In this 1923 file photo provided by the Guadalupe Dunes Center, whip-wielding overseers drive Hebrew slaves – or hundreds of costumed actors and extras in these roles – before a 10-story wood-and-plaster Egyptian city set, constructed for production of Cecil B. DeMille’s “The Ten Commandments,” near the town of Guadalupe on the wind-swept Central Coast of California. Archaeologists, film buffs and historians are trying to save what remains of the giant Egyptian city set, complete with statues of Pharaoh and an Avenue of Sphinxes, which was demolished and hastily buried in the wind-swept dunes after shooting was over. Now, in October, 2014, archaeologists have begun excavations on the sphinx that they hope will eventually be on display at the nearby Guadalupe-Nipomo Dunes Center, which has raised $120,000 for the dig.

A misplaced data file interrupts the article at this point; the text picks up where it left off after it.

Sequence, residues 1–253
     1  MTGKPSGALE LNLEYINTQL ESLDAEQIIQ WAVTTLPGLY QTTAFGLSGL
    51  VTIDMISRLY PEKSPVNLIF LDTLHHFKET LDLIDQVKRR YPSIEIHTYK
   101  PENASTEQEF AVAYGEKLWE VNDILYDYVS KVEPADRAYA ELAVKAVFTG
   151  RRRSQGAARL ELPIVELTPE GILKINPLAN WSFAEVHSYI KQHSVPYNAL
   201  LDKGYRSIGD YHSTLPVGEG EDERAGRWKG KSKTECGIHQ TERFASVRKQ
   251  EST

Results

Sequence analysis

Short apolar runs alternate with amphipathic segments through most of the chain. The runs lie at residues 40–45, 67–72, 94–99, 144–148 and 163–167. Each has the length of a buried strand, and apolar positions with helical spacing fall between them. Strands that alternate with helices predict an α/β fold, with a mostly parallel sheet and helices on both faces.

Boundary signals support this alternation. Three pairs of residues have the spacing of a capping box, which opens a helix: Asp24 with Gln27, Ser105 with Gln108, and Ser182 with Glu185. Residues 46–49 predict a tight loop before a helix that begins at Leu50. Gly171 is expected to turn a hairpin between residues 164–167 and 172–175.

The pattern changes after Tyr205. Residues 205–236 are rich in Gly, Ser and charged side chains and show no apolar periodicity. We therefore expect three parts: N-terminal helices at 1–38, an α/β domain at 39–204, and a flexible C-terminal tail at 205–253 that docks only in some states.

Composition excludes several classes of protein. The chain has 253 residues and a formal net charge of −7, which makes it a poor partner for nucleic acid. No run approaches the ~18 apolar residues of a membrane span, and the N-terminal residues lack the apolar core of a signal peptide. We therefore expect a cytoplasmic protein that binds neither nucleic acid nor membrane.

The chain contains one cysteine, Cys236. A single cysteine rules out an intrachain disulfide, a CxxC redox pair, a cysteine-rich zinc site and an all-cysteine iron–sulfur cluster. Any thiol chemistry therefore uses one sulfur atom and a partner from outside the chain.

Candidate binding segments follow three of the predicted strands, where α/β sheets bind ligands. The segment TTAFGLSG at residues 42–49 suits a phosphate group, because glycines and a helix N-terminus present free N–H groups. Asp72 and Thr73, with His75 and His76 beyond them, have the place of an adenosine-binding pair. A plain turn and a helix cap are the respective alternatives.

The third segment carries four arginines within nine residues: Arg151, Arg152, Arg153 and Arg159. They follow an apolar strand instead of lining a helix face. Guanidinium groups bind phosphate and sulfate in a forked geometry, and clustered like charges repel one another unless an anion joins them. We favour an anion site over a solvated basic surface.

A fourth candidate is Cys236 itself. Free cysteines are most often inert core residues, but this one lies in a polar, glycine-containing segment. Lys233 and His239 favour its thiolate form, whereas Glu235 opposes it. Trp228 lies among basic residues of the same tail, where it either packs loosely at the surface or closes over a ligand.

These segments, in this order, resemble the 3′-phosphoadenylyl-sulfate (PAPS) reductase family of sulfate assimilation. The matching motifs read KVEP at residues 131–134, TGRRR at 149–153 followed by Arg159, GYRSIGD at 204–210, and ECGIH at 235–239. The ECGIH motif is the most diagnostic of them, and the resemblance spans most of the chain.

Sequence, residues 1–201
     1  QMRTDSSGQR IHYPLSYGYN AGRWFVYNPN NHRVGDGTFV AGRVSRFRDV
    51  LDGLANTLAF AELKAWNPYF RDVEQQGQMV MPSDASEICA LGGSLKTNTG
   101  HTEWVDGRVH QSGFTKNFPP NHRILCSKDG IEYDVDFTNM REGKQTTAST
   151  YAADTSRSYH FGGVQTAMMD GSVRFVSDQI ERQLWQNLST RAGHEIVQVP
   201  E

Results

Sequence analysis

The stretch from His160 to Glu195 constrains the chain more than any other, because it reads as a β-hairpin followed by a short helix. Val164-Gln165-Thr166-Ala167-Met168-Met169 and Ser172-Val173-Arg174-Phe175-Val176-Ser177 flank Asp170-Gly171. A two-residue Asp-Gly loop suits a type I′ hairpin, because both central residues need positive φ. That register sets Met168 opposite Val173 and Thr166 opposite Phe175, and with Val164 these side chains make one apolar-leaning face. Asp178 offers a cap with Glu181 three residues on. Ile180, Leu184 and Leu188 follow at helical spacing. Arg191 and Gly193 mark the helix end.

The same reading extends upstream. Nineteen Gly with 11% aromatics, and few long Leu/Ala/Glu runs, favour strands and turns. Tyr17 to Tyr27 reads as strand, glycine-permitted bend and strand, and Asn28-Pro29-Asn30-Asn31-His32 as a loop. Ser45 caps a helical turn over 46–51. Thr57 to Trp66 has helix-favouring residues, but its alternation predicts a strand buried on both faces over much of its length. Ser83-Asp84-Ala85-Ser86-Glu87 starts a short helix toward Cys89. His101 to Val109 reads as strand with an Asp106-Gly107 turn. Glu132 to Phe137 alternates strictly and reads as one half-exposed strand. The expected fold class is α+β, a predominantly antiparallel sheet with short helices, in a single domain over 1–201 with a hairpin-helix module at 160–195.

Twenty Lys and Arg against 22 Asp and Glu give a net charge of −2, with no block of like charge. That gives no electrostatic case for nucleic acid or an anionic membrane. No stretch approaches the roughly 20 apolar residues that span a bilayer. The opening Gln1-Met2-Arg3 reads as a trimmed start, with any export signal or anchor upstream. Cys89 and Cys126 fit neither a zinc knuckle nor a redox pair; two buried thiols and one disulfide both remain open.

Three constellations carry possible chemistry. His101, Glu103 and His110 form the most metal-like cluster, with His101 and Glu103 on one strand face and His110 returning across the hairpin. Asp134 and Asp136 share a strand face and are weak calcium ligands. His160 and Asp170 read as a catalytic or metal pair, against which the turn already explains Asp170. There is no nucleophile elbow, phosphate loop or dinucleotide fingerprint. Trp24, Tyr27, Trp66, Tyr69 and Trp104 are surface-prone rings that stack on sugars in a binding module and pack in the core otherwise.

AP Photo/Guadalupe Dunes Center, File
Archaeologists working in the sand dunes along the Central California coast are digging up ancient sphinxes – but these are made of plaster.
The giant imitations of an ancient Egyptian scene were constructed more than 90 years ago for the silent black-and-white classic movie “The Ten Commandments.”
When filming was over in 1923, legendary filmmaker Cecil B. DeMille left them in the sands of the Guadalupe-Nipomo Dunes in Santa Barbara County.
The Los Angeles Times reports that this week, archaeologists excavated a crumbling plaster sphinx from the ruins.
Another was partially exhumed in 2012 but money ran out.
When crews went back this year, they found another.